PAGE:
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Do Kids Really Understand What and Why You're Scolding Them For?

Last week, I sat down with Keith, a seven-year-old boy. Keith's mom has been angry with him for the past few days and refused to talk to him. Mom brought Keith to me, hoping I can have a chat with him. In mom's words, she said "I don't know how to teach my son. It seems like he is acting out and making the same mistakes on purpose. He is getting on my nerves."

Keith wanted to tell mom something he saw on TV and barged right into the toilet when mom was taking a shower. It is not the first time Keith has done this. Mom has explained to him a few times about toileting and privacy etiquette before this. Mom couldn't take it anymore and spanked Keith.

This may sound familiar to many moms and dads. You have tried explaining and reasoning with your kids. But you still find yourself repeating the same instructions over and over again. It's making you frustrated and next thing you know, you burst into anger. When we get angry, we tend to do things we don't mean to do and say things we don't mean to say. And later, we often feel remorseful for yelling at our kids.

We hope our kids understand what we are mad at them for and never to repeat that same mistakes. But, the big question is - "do they really get it?" Here is my conversation with Keith.

Me: Keith, do you want to talk about what happened last few days between you and mummy?

Keith: I don't know why mummy is angry at me. It feels like I'm always doing the wrong thing. I want to do right, but it turns out to be wrong. She said she doesn't want to talk to me.

Keith was confused as to why he got scolded and spanked.

Often, parents have an assumption that their child knows what's going on - that kids should know what's right and wrong, and to always be in their best behaviour. But that's not true. We can't expect a seven-year-old to think like thirty-year-olds, it's unfair to them. Young children's brain is not fully developed to carry out higher-order thinking like reasoning, analysing and problem-solving. It's not because they don't want to, but they are not equipped with the ability to do so just yet.

Instead of focusing on punishing the wrong behaviour, why not guide kids to focus on the solution to the problem. Teach them how to see things from a different perspective. Here are a few tips to guide children to gain a better understanding of their actions without having to yell at them.

A. Before anger, breathe.

Kids will always try to push our buttons. But our reaction towards children's actions is entirely up to us. We can choose to react with anger and violence, or we can choose to react with calmness and patience. It's not an easy task, but with practice and self-awareness, we too can learn how to regulate our emotions before taking it out on our kids. At the end of the day, no one is willing to listen to an angry and violent parent. Research has found that children thrive more in a calm, positive and reassuring learning environment.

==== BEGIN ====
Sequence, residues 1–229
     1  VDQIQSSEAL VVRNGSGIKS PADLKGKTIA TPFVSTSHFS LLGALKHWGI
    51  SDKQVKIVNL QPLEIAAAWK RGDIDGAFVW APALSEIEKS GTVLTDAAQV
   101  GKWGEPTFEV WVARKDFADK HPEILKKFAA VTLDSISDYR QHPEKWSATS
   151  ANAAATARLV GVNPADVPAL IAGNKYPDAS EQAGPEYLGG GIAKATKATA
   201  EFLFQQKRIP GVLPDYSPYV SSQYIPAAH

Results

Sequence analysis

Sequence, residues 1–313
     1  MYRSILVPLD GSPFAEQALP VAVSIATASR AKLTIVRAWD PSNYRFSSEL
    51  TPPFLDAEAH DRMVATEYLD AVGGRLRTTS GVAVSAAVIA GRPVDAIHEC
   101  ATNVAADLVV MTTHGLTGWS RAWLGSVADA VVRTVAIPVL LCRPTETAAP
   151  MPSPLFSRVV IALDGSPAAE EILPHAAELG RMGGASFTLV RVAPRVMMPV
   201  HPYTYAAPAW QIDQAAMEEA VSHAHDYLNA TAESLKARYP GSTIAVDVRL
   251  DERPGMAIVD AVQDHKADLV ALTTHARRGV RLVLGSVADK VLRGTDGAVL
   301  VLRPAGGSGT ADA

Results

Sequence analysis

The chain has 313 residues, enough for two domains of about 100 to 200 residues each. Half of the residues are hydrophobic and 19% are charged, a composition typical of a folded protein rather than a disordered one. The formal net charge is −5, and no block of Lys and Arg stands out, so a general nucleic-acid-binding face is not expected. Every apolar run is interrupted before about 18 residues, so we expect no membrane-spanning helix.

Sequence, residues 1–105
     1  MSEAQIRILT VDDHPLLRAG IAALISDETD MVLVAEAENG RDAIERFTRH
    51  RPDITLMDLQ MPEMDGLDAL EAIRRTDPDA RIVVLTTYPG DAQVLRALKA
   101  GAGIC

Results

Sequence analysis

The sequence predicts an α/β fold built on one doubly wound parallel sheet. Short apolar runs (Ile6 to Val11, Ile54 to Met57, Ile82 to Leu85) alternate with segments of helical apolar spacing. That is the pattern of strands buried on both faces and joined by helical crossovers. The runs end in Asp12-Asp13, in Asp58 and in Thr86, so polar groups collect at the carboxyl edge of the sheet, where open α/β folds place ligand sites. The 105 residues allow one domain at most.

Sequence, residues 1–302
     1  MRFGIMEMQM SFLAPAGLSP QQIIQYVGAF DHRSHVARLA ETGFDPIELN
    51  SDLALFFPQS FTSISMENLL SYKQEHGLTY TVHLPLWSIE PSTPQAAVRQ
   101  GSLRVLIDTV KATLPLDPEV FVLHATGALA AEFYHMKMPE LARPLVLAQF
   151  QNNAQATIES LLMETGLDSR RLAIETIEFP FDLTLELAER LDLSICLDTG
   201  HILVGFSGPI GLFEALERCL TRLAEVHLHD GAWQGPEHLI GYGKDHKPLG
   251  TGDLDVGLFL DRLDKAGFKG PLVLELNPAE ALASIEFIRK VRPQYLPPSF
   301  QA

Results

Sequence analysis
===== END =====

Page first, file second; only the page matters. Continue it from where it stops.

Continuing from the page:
Before we yell, let's take a step back and breathe. Ask yourself, "do my kid understand what's going on? Will scolding and hitting help him learn?" Often, scolding and hitting do not contribute to learning. It will only add to fear.

B. Talk about emotions.

We can guide children to understand emotions in contexts and help them put things in different perspectives. In Keith's case, mom can relate her emotions to the toilet barging experience.

Mom can say, "I know you must be excited to want to tell me what you saw on the TV. But mummy was taking a shower, and with you barging into the toilet with no warning, can you guess how I felt at that moment? Yes, mummy felt scared and shocked! And that's not a very nice feeling :( "

When we help children put emotions into contexts, we are guiding them to have empathy and be considerate of other's feelings. Also, they will have a better understanding as to why they are not allowed to barge into the toilet when someone is using it.

C. Focus on the solution, not problem.

When we yell at children's wrong behaviour, we are teaching them to focus on the problem, not the solution. In this case, not only children will not learn what's right, and they will continue to do wrong. So instead, let's turn it around and focus on the solution.

I asked Keith, "I know you wanted to tell mummy something you saw on the TV. But mummy was taking a shower. What can you do instead?"

Learn to throw the 'question ball' to children to encourage them to think of solutions to their own problem. Keith gave it some thought and replied, "maybe I can wait for mom to be done with a shower. Or I can tell dad about it."

Children are very much capable of solving problems if we allow them to do so. Their brain is not capable of doing it on their own. They need constant guidance and support from us.

D. Draw or write them down.

Keith's mom insisted she had told him a few times on why he must not barge into the toilet. I don't deny it. But, young kids may, at times, forget. We, adults, are pretty forgetful too. To strengthen their memory of past experiences and lessons, I encourage parents to write or draw it down. Children are very visual, and they tend to learn better on paper.

Make it interesting and fun for them! Make a moral scrapbook of themselves and read to them every other day. They are going to love it!

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